This is one of those oppressively quiet films that unnerves with insinuation and an almost predatory sense of its audienceís expectations. Like Paul and his family, viewers are trained to naturally distrust Willís clan and spend much of the film waiting for that shoe to drop. Hints confirming their impending treacheryólike tiny discrepancies in their storyóare frustratingly sparse and ambiguous, and Shults almost playfully withholds whatever secrets or intentions they may (or may not) hoard. Withholding is an obvious theme here, as Shults preys on obvious fears of the unknown to heighten the paranoia. We donít know what, exactly, is lurking outside, nor can we be sure about these strangers. The only certainty is that someoneóor, more likely, everyoneówonít survive the imminent ordeal towards which the film patiently rumbles.
When it arrives, itís suitably miserable because Shults has so positioned the characters so delicately. A lesser filmmaker would paint the dynamics here in broad terms, but Shults carries over the filmís understated nature to the performances. Itís easy to imagine the loud, more obvious version of this same story (mostly because itís been done so many times), complete with high-strung outbursts and constant shouting matches. It Comes at Night is more restrained, though, as Edgerton is tough but not naturally so. He admits to having been a History teacher before the disaster, while Will bounced around from construction and mechanic jobs. These arenít hard-ass survivalists but rather common men just looking out for their families, a sentiment they share aloud with each other. Despite their obvious misgivings, their existence is amiable, and the two build a sort of rugged, functional rapport.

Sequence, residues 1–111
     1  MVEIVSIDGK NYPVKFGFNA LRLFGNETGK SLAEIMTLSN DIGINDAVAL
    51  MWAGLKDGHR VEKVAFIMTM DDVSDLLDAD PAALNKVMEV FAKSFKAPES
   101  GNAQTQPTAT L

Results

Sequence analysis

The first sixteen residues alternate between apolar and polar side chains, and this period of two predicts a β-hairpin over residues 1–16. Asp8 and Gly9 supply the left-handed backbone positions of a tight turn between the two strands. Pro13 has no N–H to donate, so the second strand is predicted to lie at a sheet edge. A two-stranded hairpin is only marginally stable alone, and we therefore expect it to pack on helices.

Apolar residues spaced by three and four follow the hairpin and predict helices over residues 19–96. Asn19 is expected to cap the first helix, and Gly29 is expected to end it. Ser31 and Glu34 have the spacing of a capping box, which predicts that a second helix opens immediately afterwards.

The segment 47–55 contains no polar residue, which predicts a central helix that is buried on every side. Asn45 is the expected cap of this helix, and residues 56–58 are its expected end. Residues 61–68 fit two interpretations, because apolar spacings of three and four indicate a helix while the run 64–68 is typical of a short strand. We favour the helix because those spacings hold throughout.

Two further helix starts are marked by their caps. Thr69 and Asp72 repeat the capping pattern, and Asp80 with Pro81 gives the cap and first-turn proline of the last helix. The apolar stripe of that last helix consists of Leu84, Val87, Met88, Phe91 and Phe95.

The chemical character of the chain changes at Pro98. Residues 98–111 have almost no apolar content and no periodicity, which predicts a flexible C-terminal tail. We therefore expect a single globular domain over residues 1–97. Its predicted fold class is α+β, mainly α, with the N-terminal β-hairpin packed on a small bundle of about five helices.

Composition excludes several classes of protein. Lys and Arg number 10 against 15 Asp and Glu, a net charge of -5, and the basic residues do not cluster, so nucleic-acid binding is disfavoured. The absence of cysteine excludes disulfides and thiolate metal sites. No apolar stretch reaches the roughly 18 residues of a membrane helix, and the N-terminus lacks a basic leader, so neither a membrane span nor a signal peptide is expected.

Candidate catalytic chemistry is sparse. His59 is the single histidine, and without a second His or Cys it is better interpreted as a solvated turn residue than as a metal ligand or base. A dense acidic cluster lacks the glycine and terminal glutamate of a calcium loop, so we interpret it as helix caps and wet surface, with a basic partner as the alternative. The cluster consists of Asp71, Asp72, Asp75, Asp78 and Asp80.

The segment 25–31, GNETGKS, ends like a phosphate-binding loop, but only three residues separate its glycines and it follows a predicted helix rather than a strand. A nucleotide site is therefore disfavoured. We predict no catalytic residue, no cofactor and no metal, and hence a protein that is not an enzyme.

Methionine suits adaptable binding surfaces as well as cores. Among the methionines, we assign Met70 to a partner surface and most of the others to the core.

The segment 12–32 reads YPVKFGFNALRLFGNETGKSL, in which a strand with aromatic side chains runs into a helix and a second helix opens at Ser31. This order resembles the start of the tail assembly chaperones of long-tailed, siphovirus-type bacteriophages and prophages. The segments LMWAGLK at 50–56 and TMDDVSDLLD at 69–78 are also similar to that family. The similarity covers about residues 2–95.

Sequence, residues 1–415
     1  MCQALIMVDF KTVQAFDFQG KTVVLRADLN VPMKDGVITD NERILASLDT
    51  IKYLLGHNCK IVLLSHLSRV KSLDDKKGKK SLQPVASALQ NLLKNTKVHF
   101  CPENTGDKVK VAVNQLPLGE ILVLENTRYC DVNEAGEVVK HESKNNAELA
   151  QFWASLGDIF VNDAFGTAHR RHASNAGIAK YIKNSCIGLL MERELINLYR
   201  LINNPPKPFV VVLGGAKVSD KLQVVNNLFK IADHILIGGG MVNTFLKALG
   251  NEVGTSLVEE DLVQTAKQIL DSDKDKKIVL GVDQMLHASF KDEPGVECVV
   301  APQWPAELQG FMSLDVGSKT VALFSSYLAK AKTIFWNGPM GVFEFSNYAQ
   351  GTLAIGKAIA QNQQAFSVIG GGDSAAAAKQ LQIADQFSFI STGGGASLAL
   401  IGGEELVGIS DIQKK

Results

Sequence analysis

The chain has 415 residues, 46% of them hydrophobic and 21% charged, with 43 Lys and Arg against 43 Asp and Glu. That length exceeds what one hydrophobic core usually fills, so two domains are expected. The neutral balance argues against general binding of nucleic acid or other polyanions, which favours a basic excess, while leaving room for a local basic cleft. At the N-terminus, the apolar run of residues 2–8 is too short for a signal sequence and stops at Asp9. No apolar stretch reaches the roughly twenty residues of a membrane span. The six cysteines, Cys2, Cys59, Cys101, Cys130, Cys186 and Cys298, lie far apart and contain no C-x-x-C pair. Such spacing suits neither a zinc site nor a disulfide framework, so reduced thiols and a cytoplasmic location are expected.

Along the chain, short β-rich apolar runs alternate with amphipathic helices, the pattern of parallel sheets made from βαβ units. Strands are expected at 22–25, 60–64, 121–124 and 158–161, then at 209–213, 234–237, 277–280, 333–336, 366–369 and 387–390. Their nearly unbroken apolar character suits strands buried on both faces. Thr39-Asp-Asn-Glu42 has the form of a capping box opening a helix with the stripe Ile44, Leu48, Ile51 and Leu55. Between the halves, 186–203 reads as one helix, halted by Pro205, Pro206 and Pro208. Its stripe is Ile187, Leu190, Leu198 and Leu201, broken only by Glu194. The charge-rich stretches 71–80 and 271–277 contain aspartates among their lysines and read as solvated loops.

Both have children that exist to both heighten the stakes and deepen the impending tragedy. Travis is a 17-year-old whose wet dreams and awkward interactions with Willís wife (Riley Keough) reveal him to be a normal teenager, albeit one thatís stuck in the apocalypse. In many ways, It Comes at Night seems to be framed around his experience: heís the one thatís shaken by his grandfatherís death and the subsequent disappearance of a family dog, and his nightmares generate even more tension. A secluded spot in the attic serve as his sanctuary, where he listens in on everyone elseís conversations, which are innocuousóuntil they arenít, anyway. Heís a good kid subjected to a horrifying existence he certainly doesnít deserve. Nor does Andrew (Griffin Robert Faulkner), his 5-year-old counterpart who innocently plays with dinosaur toys and whose presence grows especially upsetting once paranoia begins to grip the household.
A nauseating sense of dread gnaws away as the climax ramps up, leading you to wonder if Shults will go exactly where you expect him too. He does and with little purpose or insight beyond exploiting the shock of it all, as whatever sense of misdirection he weaves through the charactersí interactions only emphasizewell-worn tired insistence that mankind is doomed to destroy themselves, be it via their paranoia or their in-fighting. Donít get me wrong: I respect something this confrontational and bleak being dropped onto unsuspecting multiplex audiences right in the middle of blockbuster season, but it does so with a thudding familiarity. At a certain point, it becomes exhausting (and perhaps numbing?) to be subjected to such despair, even if this film does capture something of the current American zeitgeist in its nastiness and frankness about the doomed endeavors of squabbling humans.
As such, itís a film I appreciate more than anything, though itís fair to say itís a film that isnít (and shouldnít be) enjoyed. It Comes at Night is a dreary, alienating piece of work thatís been meticulously crafted to crawl under your skin and right into the pit of your stomach. Obviously, your mileage is going to vary depending on how much you want to be bummed the fuck out; personally, Iím kind of over this apocalyptic misery porn, so my gut reaction is to consider this one well done but something I canít imagine enduring again in the future.